The ecological transition towards full sustainability can no longer be postponed. This is one of the reasons why organic farming continues and will continue to grow. Telling the story of what came to the fore in a “normal” year such as 2019, while the effects of the extraordinary pandemic year is the task of the Bio Bank 2020 Report, now in its 14th edition. The Bio Bank 2020 Report focuses on six fields of organic activity (trade, food e-commerce, restaurants, cosmetic companies, perfume sellers and cosmetic e-commerce) with an even richer dataset. It also goes into the organic scenario in Italy, as well as new developments on the market. It rounds off with key benchmarks relating to sustainability. All in 74 pages, freely available on issuu.com/biobank.
Organic is everywhere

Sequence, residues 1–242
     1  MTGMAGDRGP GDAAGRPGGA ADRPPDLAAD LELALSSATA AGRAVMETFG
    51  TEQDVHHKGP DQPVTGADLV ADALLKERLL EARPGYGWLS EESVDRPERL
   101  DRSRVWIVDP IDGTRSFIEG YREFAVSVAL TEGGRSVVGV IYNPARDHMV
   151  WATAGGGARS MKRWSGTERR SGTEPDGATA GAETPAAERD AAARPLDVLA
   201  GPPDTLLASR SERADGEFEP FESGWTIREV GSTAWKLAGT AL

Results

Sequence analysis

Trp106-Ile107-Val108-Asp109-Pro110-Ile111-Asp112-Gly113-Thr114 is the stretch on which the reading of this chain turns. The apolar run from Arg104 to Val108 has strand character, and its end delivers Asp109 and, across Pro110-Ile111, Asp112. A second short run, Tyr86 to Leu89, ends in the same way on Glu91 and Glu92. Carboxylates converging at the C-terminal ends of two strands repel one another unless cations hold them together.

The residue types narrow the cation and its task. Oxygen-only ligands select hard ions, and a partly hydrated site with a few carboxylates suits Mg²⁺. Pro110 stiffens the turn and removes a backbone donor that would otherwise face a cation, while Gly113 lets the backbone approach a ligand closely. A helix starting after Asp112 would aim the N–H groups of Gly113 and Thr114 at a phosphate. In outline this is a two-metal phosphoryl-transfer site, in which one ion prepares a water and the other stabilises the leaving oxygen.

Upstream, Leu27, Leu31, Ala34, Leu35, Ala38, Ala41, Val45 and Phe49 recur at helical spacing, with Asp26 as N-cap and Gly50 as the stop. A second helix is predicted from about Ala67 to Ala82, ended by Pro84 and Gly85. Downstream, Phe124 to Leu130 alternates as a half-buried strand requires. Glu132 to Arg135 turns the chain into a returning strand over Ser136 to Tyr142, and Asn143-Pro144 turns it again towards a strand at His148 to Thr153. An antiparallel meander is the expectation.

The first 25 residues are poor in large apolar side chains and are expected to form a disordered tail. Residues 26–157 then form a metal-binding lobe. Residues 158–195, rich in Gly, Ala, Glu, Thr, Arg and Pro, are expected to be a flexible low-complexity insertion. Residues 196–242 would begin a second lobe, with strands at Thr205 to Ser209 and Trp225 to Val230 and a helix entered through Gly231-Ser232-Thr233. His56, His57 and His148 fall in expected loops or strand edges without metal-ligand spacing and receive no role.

In 2020 the total organic market in Italy was worth €6.9bn. The domestic market, amounting to €4.3bn, more than doubled in ten years (+118%). Above all, large-scale distribution tapped into and boosted this growth, with sales of over €2bn (+279%). There was a 58% growth in all other distribution channels, achieving sales of €2.3bn. And exports grew to €2.6bn (+131%). The number of organic farms also increased by more than 80,000 in 2019 (+34.5% in 10 years) and farm land dedicated to organic acultivation, almost 2 million hectares (+33.5% in 10 years), equal to 15.8% of the cultivated area in Italy. This change of scenario has taken place in just a few years and represents an enormous challenge for organic farming: now that everyone is organic, the “original” organic farmers must be even more organic. The pioneers of organic must now be pioneers of a social values-based model – not just the product, but everything that revolves around it.